The instability in the families and the politics of Taiwan escalate the woes of the teenagers. The families of these teenagers are unstable as earlier mentioned from their inability to fit in the Taiwanese culture and language. As a result, what could have been normal socializing groups for the teenagers turns out to be teenage gangs. Instead of indulging in what teenagers do best such as sports, music, dancing in clubs or watching movies in theaters these teenagers from rival gangs which are brutal and relentless in their criminal activities. Gang formation is a sign of social instability in a neighborhood. When the children’s families are financially stable, these gangs tell the audience that the social live in this neighborhood is extremely unstable. The teenagers find solace in each other’s company and in indulging in the rowdiness that they do. Normally, gangs are frequent in slums and low-life neighborhoods. Finding gangs in modest live neighborhoods is an indication of real social problems. The conflicting gangs from the society and kind of life, symbolize the warring groups during the Communist war. The differences in ideology or perspective result in the fights in the gangs, as it were the case in the Communist war. The teenagers depict the same characteristics which are the cause of their woes, ten years before their time. The political instability their families experience flows down to the teenagers, resulting to the depiction of cruelty towards others who hold differing opinions. This barbarian conduct is as a result of the social and political instability surrounding the teenagers. The family is the basic unit which provides children with stability. When that unit fails to make the teenagers feel secure, they are likely to develop wayward conduct. The situation worsens when the social and political environment escalates the tension. As a result, the teenagers tend to indulge in all sorts of crime, as they seek to sense of belonging. The teenagers find common ground with the gang members through the crimes and rowdiness they undertake. Additionally, the political suspicion affects the teenager’s ability to relate to each other. For example, when Si’r’ father is arrested and questioned regarding his association with Communists in mainland China, the teenagers grow suspicious of Si’r and detach themselves from him. Originally, Si’r had trouble associating with the gangs, and he could not a place in either of the gangs. The suspicion arising from his father’ arrest only makes things worse for him. His already troubled social life is now more unstable and extremely delicate and vulnerable.

Violence becomes a part of the teenagers’ life. The film unfolds amid the crisis of teenagers as they took violence as they way to solve their differences. Honey, the leader of the Little Park Boys, is in hiding after killing a member of the 217s. Honey claims that he killed the other because he came between his love relationships with Ming. Whether that is true or not, Yang uses this to underscore the barbarian nature of the teenagers, and the way they have lost control over their actions. While the teenagers could find other means to solve their differences, they resulted in brutality and murder as a way to rid themselves of the opposing opinion. In away, Yang uses these traits in the teenagers to mirror what was happening in the society at the time. In mainland China, the war resulted from differences in ideologies. In Taiwan at the time, the police were arresting and harassing people suspected of communist associations. These barbarian actions and brutality were evident in the society. Using the teenagers’ actions and behavior, yang mirrors the ills of h Taiwan society after the Communist war. It is disheartening to see that after Honey had killed the boy from the 217s he fled to avoid arrest and joined another gang, comprising of adults. By hinting of the existence of an adult gang, Yang shows that the problems the teenagers had was not unique to them, but was an evil ailing the whole society. It is also disheartening to see that the leaders were against any compromise or efforts at reconciliation. When Honey comes from hiding disguised, he finds the acting leader arranging a concert, which will seal a peace truce with the 217s he berates him for that. The Little Park Boys members represented by the acting leader Sly are ready for a compromise which will bring to an end the hostility between the two gangs. However, the leaders of the two gangs, Honey and his equal in the 217s are not ready for peace. This is evident when Honey disapproves of Sly’s truce and concert, and when he comes to cause trouble during the concert. The apparent lack of respect for Honey from his gang indicates their disregard of is perspective and their desire to attain peace through the concert. When the leader of the 217s says he wants to talk with Honey after he causes trouble at the concert, he gives a false impress of compromise of pursuit for peace. However, his disregard for Sly’s effort to reconcile the gangs is apparent when he pushes Honey in the way of a vehicle which runs him down. The cold murder of Honey reflects the political disregard of human life after the Communist war. The leader of the 217s gang did not shy away from the thought of killing a rival. His crime of murder underscores the violence nature of the teenagers. The barbarian actions of Honey and the leader of the 217s mirror the barbarian actions of social and political leaders. The society did not think twice before punishing those holding different opinions. The teenagers depict the same intolerance of different perspectives. The aftermath of the Communist war was an unstable society which adored violence, and this manifested in the teenagers as gangs and disregard for peace and human life.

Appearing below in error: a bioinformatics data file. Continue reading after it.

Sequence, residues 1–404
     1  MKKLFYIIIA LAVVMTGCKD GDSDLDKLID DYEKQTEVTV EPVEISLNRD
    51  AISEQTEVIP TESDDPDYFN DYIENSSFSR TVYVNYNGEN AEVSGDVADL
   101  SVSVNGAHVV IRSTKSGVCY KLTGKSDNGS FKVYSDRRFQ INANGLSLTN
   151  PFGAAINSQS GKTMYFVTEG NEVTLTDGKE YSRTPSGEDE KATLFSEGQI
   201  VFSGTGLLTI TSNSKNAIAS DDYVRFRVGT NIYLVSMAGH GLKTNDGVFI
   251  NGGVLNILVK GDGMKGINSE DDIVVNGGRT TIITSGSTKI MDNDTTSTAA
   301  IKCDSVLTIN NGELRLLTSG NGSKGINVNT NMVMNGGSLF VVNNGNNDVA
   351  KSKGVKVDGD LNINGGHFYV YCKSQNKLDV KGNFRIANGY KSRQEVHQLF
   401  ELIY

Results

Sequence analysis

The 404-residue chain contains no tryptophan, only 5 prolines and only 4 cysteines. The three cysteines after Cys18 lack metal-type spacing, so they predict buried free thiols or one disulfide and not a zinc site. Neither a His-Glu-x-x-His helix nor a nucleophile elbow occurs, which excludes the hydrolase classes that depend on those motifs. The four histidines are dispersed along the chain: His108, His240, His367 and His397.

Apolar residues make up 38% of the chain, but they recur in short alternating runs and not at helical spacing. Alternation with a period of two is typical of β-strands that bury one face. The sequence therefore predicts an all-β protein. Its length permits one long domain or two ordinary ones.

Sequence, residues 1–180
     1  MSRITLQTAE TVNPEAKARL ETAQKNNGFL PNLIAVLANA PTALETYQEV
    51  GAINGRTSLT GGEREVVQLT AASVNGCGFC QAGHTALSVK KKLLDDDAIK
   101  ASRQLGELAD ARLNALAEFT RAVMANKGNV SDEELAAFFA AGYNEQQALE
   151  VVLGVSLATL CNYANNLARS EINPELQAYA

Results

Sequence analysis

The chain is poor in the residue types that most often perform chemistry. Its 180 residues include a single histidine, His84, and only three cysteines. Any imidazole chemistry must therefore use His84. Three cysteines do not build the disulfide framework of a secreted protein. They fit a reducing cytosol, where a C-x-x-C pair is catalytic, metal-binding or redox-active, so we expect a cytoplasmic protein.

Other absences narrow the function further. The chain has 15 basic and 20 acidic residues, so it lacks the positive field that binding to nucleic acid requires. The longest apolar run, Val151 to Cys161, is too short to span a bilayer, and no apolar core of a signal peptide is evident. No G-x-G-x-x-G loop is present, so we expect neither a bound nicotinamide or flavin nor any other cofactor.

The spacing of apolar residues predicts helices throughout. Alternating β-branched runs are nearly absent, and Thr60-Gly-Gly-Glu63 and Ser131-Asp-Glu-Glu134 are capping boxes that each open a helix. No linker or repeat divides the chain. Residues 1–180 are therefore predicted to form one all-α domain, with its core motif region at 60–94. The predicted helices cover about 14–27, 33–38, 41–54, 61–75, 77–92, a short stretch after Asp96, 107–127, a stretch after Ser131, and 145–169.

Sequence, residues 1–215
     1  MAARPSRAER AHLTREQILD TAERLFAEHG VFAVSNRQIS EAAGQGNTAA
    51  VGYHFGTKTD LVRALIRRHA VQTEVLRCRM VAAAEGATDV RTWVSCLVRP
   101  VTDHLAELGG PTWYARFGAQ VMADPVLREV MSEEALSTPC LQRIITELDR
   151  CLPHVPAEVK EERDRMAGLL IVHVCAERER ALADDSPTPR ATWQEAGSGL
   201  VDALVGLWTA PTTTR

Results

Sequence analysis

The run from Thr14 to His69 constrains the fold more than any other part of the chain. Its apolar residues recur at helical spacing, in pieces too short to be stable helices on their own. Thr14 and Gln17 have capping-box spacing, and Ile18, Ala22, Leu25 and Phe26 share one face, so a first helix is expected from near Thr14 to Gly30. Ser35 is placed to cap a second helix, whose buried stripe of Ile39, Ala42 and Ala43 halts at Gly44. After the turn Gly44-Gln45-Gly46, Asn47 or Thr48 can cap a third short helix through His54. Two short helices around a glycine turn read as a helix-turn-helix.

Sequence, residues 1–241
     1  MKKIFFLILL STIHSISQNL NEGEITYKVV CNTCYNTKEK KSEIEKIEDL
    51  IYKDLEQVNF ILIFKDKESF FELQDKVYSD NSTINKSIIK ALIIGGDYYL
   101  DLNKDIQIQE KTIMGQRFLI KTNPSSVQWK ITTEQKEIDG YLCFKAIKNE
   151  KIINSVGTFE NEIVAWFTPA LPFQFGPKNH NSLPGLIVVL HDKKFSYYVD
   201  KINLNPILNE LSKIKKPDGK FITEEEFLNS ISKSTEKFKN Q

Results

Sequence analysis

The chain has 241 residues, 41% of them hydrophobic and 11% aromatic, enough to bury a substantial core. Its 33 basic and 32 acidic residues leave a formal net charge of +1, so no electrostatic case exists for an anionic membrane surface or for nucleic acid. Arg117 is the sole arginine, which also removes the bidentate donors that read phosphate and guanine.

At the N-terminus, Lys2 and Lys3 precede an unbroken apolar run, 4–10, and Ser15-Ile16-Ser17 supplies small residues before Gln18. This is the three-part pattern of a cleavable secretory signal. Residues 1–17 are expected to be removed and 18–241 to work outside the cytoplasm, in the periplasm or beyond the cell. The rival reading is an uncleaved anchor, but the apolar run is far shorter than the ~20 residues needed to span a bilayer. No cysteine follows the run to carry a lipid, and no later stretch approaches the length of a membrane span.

Embracing a global culture seems like an escape from the differences. The gangs’ decision to use Rock ‘n’ Roll music to seal their truce is a gesture of appreciating the global culture or western culture. By embracing a different neutral culture, they gangs could find common ground. The cultural globalization appears in this case to be a reconciling factor, which could allow the conflicting perspectives to find a place in each other.

Conclusively, historical events have effects which overflow for years and generations after their settling and completion. The Communist war in 1949 in mainland China has lasting effects in Taiwan for more than two years. The immigrants found it difficult to blend in the culture and custom of the island. The extensive family instability resulted in socially unstable neighborhoods although with financial stability. Consequently, the teenagers were socially unstable and resulted in violence and crime, mirroring what was happening in the society. Also, the political suspicion has far-reaching consequences for the individuals and their families. Historical events occur and conclude, but they leave behind effects that are difficult to deal with and heal.